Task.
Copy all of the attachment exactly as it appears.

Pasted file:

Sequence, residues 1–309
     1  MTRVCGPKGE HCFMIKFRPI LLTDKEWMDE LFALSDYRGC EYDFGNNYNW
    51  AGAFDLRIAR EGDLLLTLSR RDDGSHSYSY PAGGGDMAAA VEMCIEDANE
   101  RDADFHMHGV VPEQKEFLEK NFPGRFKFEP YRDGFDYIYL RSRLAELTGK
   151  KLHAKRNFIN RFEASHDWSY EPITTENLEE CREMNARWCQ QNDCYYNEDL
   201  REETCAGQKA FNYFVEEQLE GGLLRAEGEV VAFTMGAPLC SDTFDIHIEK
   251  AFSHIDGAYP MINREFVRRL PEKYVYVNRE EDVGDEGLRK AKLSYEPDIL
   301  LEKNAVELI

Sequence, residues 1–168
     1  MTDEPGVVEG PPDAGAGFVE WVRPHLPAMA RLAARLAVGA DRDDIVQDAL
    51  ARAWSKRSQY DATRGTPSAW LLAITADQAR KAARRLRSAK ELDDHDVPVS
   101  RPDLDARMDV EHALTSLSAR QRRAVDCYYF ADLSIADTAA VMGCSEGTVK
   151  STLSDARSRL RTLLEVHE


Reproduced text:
Sequence, residues 1–309
     1  MTRVCGPKGE HCFMIKFRPI LLTDKEWMDE LFALSDYRGC EYDFGNNYNW
    51  AGAFDLRIAR EGDLLLTLSR RDDGSHSYSY PAGGGDMAAA VEMCIEDANE
   101  RDADFHMHGV VPEQKEFLEK NFPGRFKFEP YRDGFDYIYL RSRLAELTGK
   151  KLHAKRNFIN RFEASHDWSY EPITTENLEE CREMNARWCQ QNDCYYNEDL
   201  REETCAGQKA FNYFVEEQLE GGLLRAEGEV VAFTMGAPLC SDTFDIHIEK
   251  AFSHIDGAYP MINREFVRRL PEKYVYVNRE EDVGDEGLRK AKLSYEPDIL
   301  LEKNAVELI

Sequence, residues 1–168
     1  MTDEPGVVEG PPDAGAGFVE WVRPHLPAMA RLAARLAVGA DRDDIVQDAL
    51  ARAWSKRSQY DATRGTPSAW LLAITADQAR KAARRLRSAK ELDDHDVPVS
   101  RPDLDARMDV EHALTSLSAR QRRAVDCYYF ADLSIADTAA VMGCSEGTVK
   151  STLSDARSRL RTLLEVHE